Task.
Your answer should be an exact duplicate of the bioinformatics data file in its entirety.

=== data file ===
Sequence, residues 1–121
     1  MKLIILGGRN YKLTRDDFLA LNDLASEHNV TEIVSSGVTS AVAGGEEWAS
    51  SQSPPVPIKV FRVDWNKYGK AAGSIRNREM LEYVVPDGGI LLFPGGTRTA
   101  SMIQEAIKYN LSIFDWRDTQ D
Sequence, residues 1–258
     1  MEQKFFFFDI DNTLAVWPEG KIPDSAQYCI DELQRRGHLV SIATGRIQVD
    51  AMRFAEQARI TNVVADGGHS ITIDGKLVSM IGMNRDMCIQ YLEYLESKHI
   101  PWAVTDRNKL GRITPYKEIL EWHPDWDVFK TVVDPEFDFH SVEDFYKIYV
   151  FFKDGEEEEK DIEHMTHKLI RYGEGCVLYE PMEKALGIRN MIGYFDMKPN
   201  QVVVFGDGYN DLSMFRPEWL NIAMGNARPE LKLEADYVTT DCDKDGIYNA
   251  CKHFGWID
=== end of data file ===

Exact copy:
Sequence, residues 1–121
     1  MKLIILGGRN YKLTRDDFLA LNDLASEHNV TEIVSSGVTS AVAGGEEWAS
    51  SQSPPVPIKV FRVDWNKYGK AAGSIRNREM LEYVVPDGGI LLFPGGTRTA
   101  SMIQEAIKYN LSIFDWRDTQ D
Sequence, residues 1–258
     1  MEQKFFFFDI DNTLAVWPEG KIPDSAQYCI DELQRRGHLV SIATGRIQVD
    51  AMRFAEQARI TNVVADGGHS ITIDGKLVSM IGMNRDMCIQ YLEYLESKHI
   101  PWAVTDRNKL GRITPYKEIL EWHPDWDVFK TVVDPEFDFH SVEDFYKIYV
   151  FFKDGEEEEK DIEHMTHKLI RYGEGCVLYE PMEKALGIRN MIGYFDMKPN
   201  QVVVFGDGYN DLSMFRPEWL NIAMGNARPE LKLEADYVTT DCDKDGIYNA
   251  CKHFGWID